Everyone needs assistance at a certain point in their time. I, as an educator, is my job to assist my students in every way I can. This week Daniel, Janeen, Reid, and Darcy had an outstanding presentation on assistive technology. Their presentation every detail were so well explained; the style of their presentation was really great. They mentioned using SETT (student, environment, tasks, and tools) for integrating different types of assistive technology in the classroom that is specific for each student. Whether a student has some sort of difficulty or not, they have the right to gain the same amount of knowledge. The school I taught for more than five years provides inclusive education. So, I had the chance to meet with some students who need special tools. According to Cranner (2020), “Inclusion is not easy to define. Conceptions tend to incorporate analysis of individual actions alongside structural framing. This emphasises the potential failures within society that impede opportunities for inclusion rather than emphasising individual differences. Inclusion, therefore, places the need for change onto society rather than individuals in order to contest the oppression that is potentially created and sustained by discriminatory social markers such as ableism, ageism, class, heterosexism, racism and sexism”.
Unfortunately, not all schools are well equipped for special needs students. I got to know a lot of new technology tools that were discussed in the presentation. I really wish that maybe not all but at least some were used in my school would be great. Young & MacCormick (2021) stated that, “assistive technology refers to the devices and services that are used to increase, maintain, or improve the capabilities of a student with a disability”. At the moment, we are using so far a smart board, document scanner, headphones, tablet, laptops, mobile devices and projector to assist the Inclusive Education students and accommodate all learners. However, this is not enough as special students need more attention and more technology to help them.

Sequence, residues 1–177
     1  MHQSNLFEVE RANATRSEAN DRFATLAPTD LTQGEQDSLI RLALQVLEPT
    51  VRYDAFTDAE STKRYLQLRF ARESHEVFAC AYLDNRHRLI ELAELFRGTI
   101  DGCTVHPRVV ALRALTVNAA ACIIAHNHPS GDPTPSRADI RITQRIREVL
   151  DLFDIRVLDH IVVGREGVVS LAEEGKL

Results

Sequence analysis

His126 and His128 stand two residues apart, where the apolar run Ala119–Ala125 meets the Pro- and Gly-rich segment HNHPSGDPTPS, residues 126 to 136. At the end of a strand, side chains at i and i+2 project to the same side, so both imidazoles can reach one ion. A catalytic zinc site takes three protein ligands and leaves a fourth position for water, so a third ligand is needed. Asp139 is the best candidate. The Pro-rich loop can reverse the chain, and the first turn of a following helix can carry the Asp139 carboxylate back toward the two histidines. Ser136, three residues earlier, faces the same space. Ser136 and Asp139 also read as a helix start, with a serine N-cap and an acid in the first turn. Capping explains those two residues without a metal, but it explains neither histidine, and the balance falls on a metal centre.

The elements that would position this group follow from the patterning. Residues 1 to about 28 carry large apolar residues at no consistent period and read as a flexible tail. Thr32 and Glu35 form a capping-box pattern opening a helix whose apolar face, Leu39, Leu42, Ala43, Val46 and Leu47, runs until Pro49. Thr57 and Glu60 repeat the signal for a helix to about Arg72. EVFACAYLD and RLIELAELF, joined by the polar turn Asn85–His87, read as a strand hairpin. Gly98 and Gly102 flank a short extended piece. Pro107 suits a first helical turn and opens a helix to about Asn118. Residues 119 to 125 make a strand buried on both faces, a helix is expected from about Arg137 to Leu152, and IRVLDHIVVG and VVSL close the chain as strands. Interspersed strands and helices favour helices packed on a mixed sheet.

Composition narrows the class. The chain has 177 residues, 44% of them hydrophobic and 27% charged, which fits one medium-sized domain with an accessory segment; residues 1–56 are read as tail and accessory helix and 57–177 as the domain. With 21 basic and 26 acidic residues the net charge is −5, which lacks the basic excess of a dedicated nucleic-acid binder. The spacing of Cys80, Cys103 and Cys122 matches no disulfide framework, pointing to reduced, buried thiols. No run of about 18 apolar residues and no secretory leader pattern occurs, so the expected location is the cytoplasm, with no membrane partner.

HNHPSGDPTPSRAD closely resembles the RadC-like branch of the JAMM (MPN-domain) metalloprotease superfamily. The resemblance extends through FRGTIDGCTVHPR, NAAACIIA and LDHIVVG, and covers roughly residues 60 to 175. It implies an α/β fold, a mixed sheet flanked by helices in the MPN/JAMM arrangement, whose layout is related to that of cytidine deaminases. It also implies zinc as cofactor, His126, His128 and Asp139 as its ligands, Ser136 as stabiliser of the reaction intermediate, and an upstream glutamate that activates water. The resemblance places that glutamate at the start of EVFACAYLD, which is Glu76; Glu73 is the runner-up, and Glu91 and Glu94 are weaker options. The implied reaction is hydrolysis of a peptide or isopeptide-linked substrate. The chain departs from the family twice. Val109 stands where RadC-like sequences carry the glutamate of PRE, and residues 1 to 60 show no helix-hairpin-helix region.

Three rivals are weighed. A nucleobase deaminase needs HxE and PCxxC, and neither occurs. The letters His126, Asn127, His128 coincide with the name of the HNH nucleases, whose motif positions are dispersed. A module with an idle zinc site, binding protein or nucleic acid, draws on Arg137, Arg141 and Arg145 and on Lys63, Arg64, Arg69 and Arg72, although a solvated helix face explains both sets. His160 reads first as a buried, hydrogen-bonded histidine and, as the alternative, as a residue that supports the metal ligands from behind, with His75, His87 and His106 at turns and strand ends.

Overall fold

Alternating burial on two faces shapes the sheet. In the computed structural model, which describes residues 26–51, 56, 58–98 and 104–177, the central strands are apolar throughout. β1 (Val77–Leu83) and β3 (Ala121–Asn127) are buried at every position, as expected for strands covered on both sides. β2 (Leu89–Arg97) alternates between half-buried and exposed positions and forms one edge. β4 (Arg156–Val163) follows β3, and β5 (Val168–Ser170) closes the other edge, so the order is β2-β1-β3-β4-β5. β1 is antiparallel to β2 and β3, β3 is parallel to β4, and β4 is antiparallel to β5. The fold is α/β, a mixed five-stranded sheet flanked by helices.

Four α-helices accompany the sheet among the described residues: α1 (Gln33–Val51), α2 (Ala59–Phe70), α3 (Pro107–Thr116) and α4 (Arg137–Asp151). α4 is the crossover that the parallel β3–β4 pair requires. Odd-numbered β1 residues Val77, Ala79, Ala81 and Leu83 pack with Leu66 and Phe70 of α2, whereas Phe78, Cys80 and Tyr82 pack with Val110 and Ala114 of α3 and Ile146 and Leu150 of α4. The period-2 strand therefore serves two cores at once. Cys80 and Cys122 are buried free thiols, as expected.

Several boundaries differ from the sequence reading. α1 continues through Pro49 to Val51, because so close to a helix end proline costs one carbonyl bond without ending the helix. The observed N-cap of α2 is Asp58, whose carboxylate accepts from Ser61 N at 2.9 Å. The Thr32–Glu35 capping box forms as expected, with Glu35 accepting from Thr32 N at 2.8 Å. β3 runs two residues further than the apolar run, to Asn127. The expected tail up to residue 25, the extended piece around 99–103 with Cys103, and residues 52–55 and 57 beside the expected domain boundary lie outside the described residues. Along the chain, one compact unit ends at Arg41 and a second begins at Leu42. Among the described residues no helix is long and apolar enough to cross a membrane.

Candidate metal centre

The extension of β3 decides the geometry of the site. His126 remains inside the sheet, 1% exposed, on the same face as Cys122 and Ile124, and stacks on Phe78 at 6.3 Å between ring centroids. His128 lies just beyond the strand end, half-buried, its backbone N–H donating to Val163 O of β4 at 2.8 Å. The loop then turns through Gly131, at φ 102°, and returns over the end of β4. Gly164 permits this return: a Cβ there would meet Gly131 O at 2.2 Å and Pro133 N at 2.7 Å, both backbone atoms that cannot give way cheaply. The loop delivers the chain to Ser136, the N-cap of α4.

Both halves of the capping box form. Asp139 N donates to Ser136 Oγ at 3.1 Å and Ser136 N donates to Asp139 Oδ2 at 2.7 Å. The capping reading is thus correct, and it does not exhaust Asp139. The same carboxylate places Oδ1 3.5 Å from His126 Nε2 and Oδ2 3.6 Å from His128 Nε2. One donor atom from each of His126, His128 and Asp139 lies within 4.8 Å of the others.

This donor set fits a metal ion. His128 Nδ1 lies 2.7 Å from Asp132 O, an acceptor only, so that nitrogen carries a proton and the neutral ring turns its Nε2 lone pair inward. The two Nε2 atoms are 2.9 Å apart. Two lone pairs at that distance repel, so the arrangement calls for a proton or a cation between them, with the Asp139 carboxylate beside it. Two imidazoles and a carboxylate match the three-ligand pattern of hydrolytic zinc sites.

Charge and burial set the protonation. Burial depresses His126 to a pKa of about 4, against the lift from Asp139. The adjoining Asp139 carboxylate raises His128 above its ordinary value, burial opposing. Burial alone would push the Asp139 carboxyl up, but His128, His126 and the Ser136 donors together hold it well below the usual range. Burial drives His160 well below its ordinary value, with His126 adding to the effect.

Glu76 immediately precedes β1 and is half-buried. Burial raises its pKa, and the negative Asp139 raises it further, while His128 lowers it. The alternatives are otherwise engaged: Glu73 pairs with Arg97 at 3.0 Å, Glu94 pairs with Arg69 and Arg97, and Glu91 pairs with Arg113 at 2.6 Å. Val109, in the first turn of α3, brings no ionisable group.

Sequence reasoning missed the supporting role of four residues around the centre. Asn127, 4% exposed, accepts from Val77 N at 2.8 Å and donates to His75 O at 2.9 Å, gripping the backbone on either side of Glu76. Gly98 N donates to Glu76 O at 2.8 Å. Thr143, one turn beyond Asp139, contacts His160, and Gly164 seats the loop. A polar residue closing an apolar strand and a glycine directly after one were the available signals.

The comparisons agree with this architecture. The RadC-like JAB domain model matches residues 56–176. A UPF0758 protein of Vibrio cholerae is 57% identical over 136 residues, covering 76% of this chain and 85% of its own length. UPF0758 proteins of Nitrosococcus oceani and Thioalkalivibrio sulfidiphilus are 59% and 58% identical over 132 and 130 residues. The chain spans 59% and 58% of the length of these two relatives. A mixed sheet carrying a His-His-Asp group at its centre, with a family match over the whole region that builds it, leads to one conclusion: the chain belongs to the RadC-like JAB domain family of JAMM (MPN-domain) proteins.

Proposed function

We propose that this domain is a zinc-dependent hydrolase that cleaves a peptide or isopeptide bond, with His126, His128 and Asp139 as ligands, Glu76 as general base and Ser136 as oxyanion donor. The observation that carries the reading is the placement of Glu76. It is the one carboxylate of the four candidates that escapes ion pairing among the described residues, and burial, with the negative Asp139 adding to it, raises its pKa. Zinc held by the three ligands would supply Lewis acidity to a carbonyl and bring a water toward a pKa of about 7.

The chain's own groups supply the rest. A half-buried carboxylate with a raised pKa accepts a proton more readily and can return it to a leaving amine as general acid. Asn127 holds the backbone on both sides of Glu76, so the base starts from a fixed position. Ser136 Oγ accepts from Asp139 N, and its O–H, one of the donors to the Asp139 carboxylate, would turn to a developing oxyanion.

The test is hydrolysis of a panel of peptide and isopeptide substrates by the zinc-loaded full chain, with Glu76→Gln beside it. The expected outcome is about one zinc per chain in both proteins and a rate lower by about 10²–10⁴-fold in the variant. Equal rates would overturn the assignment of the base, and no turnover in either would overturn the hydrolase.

Universal Design for Learning (UDL) is an excellent example of a growth mindset instead of deficit thinking. The term “universal design” was coined by architect and designer Ron Mace at the Center for Universal Design at North Carolina State University (Burgstahler, 2008; Center for Applied Special Technology, 2011b). It is a combination of an excellent approach to engage students and engage them in critical thinking.
Finally, when new technology tools are introduced, I have acknowledged that the students try to learn and explore with more passion. Though it is not possible to introduce new tech day-to-day, it is possible to have more tech tools to make learning easy and exciting and, last but not least, for ALL.
Image taken from: ei-ie.org